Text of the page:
Local motorists can count on seeing at least one or two of them during their daily commute in town.
Quads, ATVs or simply Off-Highway Vehicles (OHV) are a common sight along roadways in the Pahrump Valley and town officials would like to see the owners comply with local laws and ordinances while at the same time grant riders a little more leeway in getting to their respective destinations.
Previously, many local residents use what’s known as “Toy Haulers” to transport their OHVs to their desired riding destination.
This month, the Pahrump Town Board approved a letter of support for owners to actually ride their OHVs on Nye County roadways in order to get to their favorite spots.
The letter will be forwarded to county officials for their approval.
Nye County Commissioner Dan Schinhofen said on Tuesday that officials in northern Nye County recently approved the same proposal and he likes the idea.
“The state sent out a law that says they can be used on regular roads. We just have to identify what roads and where. The Tonopah Town Board did that at their last meeting and we adopted it from them so we want to see what they put together,” he said.
According to NRS 490.100, a city or county may designate any portion of a highway within the city or county as permissible for the operation of off-highway vehicle riders to reach a private or public area that is open for use by off-highway vehicles. If a city or county designates any portion of a state highway as permissible for the operation of off-highway vehicles, the city or county must obtain approval for the designation from the Department of Transportation.
The NRS refers to off-highway vehicles with a displacement of 70 cubic centimeters and above.
Riders may not use their OHVs to run errands around town.
Schinhofen said that owners will have to adhere to specific regulations as they pertain to the NRS.
“They can pretty much share the roadway but they have to be licensed and have certain safety equipment like lights. As it is now, they drive on the side of the road, kicking up dust. Now they will be in the road. I don’t necessarily see this as a bad thing. It’s a bit more regulation, but people don’t seem to mind that because of the safety aspect,” he said.
Pahrump Town Board member Robert Adams authored the item during a recent town board meeting.
Adams said riders who wish to comply with the law must first have their vehicle inspected.
He also said local residents shouldn’t expect to see quads tooling up and down State Route 160 anytime soon as the NRS prohibits OHVs along interstate highways.
Riders, however, can cross interstate highways to reach their destination.
“A person driving an off-highway vehicle on a highway may only travel to or from the private or public area. If you try to go down 160 on an OHV right now, you can surely expect to get a ticket. Even with the new law you can still get a ticket. One of the reasons I moved to Pahrump was so I could ride my OHV from my house,” Adams said.
The town board member also said once everything is finalized, signage will be installed along various roadways informing riders of the NRS.
“We did figure out how many signs we need and it comes to about $1,200 and there’s going to be a grant application process. When it comes to running the town, it’s not going to be a lot of money. With Pahrump there’s just so many streets that parallel 372 and 160, there’s no reason to put OHV signs along those roadways. You can get anywhere you need to go without getting on those two state highways,” he said.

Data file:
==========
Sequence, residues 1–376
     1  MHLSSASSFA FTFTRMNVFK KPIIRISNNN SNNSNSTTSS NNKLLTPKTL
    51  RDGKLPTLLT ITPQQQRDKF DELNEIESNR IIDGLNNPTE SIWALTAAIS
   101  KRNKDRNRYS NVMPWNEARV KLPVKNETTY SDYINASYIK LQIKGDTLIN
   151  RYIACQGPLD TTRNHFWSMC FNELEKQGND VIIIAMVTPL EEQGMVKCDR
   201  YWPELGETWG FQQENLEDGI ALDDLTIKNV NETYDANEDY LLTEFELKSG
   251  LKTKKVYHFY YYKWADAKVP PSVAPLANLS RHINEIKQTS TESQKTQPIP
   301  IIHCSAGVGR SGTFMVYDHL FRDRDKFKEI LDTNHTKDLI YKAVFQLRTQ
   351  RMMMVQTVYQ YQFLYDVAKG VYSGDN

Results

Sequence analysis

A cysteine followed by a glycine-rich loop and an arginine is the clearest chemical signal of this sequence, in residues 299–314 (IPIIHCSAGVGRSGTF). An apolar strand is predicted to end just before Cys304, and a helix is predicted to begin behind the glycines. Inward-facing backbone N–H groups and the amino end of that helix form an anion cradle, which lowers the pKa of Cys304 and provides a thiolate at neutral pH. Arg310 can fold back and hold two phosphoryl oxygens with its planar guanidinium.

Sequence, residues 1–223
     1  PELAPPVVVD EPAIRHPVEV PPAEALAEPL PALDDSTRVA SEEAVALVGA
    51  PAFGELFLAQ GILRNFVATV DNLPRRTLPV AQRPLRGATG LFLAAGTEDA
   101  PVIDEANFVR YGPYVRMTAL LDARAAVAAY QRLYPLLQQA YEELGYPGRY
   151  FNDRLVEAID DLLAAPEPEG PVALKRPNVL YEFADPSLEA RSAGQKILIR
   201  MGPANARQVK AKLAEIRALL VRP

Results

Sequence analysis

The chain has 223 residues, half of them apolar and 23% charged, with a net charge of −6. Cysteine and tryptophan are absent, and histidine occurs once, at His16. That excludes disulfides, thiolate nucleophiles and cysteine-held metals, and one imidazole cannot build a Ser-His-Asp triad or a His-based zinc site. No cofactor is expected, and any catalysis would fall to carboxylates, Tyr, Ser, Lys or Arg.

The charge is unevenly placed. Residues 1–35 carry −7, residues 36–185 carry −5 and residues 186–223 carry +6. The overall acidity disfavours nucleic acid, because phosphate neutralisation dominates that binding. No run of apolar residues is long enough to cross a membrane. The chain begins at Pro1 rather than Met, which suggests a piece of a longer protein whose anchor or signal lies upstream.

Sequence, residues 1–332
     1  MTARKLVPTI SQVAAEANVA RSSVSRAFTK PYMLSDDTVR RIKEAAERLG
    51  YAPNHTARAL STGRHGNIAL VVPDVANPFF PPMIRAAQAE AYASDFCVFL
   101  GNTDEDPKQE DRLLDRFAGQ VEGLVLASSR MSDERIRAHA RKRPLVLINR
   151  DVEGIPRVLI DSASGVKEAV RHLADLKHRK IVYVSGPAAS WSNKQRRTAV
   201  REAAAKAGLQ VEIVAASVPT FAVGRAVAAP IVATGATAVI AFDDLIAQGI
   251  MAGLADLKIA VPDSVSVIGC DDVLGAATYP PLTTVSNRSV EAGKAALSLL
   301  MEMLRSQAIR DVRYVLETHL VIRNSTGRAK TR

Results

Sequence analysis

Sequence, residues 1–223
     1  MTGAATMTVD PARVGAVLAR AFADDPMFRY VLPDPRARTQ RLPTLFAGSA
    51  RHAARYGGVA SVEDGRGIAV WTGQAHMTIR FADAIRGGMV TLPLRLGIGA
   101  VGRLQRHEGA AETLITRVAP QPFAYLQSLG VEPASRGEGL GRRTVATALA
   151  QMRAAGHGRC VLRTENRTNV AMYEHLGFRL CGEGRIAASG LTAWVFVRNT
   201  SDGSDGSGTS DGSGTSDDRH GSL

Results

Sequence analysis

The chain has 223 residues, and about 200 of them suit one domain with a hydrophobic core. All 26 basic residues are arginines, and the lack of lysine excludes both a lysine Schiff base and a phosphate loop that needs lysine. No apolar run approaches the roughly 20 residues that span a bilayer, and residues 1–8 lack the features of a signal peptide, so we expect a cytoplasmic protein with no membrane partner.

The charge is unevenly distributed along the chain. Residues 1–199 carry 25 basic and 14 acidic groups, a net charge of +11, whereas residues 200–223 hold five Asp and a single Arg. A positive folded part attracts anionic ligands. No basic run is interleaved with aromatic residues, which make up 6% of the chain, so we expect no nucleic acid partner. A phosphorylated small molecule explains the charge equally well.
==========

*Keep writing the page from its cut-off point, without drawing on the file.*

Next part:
While filling his fuel tank at a local convenience store, a traveler from Barstow, Calif., gave his thoughts on the NRS.
Sidney Woods said the law doesn’t really apply to him because he routinely hauls his OHVs to his desired spot, Dumont Dunes.
“It sounds to me like it’s more for the people who live here or just park their RVs at their park and go for a ride. I don’t own an RV so my toys are with me all of the time. I think it does make sense because not everyone has a fifth wheel to use and it’s so much easier to just ride from your home to the trails,” he said.
Adams also noted that some local residents have the erroneous impression that certain laws that apply to cars, trucks and motorcycles won’t apply to OHVers.
“I’ve had some people come to me and say they will drive their OHV because they can’t get a DUI. They have some crazy myth that if you are on an OHV, you don’t have to follow traffic laws but you certainly do have to follow them. A helmet is also required. The law also provides for licensed minors to be under direct supervision of an adult when riding,” he said.
Schinhofen, meanwhile, said the Regional Transportation Commission (RTC) will also be involved in the process.
“The RTC is the one who is supposed to decide what roads will be designated,” he said.
According to the town’s backup materials, there are potential benefits to the action, especially among rural communities.
Marysvale, a rural community in central Utah, is in the center of the Paiute Trail System for OHVs.
Before the Paiute Trail, the community had just seven business licenses in 1980. After opening the trail, there are now 21 businesses licenses, one being an 80-space RV Park with 90 percent occupancy spring through fall.
In 2006, OHVers spent $8,492,880 in central Utah.
In a statewide example, a study by Arizona State University in 2002, showed a direct impact to the state’s economy of roughly $3 billion due to the OHV law.
The study also revealed that more than 36,900 jobs were created resulting in $1.1 billion of household income and $187 million in state tax revenues.
The Pahrump Tourism Advisory Board is just about ready to launch the OHV pages of Pahrump’s Base Camp to Adventure.
The maps have been approved by the BLM and the USFS.
With Pahrump extending its support, town officials believe marked OHV-friendly routes along the roadways will benefit both visitors and business owners in the community.